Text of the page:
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Old 10-14-2011, 03:49 AM
 
Location: Florida
19,819 posts, read 19,910,927 times
Reputation: 23222

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Regardless that I hope he won't get the nomination and/or wouldn't get elecetd if he does aqnd don't believe he could get this implimented if all of that comes to be, there is always a chance.
Many retired persons of moderate and lower incomes would end up getting hurt with this plan.
No income....so won't save on a lower tax rate.
Few capital gains to speak of, if any...so won't save there.
But will end up paying 9% more for everything we spend.
Ouch.
Does this apply to you/the retired people you know?
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Old 10-14-2011, 07:14 AM
 
Location: Phoenix, AZ > Raleigh, NC
15,078 posts, read 19,024,811 times
Reputation: 24192
I'm not saying that I disagree or agree with you opinion on Cain or 9-9-9.

But I am always shocked when people vote based on what is best for THEM, rather than what is best for their COUNTRY overall.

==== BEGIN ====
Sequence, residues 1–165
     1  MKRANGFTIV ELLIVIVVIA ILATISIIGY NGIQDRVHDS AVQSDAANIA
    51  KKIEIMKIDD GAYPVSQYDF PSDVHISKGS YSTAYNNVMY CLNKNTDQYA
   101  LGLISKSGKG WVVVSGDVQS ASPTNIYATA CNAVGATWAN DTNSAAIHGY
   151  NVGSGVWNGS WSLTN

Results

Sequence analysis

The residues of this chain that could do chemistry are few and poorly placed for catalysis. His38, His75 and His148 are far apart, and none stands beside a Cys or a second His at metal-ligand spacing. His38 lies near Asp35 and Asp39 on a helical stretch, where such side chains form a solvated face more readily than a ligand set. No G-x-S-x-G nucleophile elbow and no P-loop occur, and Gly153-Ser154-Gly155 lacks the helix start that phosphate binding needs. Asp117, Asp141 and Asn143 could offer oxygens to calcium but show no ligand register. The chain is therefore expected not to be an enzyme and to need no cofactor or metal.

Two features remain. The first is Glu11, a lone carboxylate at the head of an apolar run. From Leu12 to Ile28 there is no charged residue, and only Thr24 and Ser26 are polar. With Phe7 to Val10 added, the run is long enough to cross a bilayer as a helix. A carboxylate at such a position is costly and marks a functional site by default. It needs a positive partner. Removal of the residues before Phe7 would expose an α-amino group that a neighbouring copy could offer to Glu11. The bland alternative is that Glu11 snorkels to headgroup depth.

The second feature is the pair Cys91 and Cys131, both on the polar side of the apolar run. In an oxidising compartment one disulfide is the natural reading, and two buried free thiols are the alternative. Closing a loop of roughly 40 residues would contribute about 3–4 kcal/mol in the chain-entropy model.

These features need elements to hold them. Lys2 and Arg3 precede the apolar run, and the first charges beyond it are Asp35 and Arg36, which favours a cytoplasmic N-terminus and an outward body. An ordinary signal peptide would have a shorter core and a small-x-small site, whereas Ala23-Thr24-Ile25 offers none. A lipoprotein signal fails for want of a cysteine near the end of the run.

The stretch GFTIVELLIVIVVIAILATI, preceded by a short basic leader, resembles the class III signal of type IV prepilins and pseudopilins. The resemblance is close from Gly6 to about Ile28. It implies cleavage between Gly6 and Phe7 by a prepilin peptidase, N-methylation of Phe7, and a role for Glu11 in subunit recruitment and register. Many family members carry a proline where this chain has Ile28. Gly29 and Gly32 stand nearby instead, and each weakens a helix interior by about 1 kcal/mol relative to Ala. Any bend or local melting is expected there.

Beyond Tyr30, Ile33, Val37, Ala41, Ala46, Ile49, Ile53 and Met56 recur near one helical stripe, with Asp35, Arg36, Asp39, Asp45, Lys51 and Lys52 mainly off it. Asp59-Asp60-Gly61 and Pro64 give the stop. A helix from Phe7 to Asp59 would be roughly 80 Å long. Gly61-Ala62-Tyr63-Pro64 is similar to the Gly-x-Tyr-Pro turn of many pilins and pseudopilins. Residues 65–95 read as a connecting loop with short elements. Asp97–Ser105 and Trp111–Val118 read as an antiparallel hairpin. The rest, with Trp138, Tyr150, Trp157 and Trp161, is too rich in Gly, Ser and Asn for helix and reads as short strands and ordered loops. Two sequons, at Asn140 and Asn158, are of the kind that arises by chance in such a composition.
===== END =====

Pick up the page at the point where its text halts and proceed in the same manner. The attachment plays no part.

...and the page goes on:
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Old 10-14-2011, 07:29 AM
 
Location: Pennsylvania
16,357 posts, read 10,346,234 times
Reputation: 28522
you must be shocked a lot. 'Me' seems to be the priority rather than 'us'.
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Old 10-14-2011, 08:53 AM
 
Location: The Triad (NC)
28,502 posts, read 62,199,370 times
Reputation: 32187
Quote:
Originally Posted by old_cold View Post
Many retired persons of moderate and lower incomes would end up getting hurt with this plan.
Don't kid yourself..
EVERYONE except the highest will get hurt under his plan.

Quote:
No income....so won't save on a lower tax rate.
Few capital gains to speak of, if any...so won't save there.
But will end up paying 9% more for everything we spend.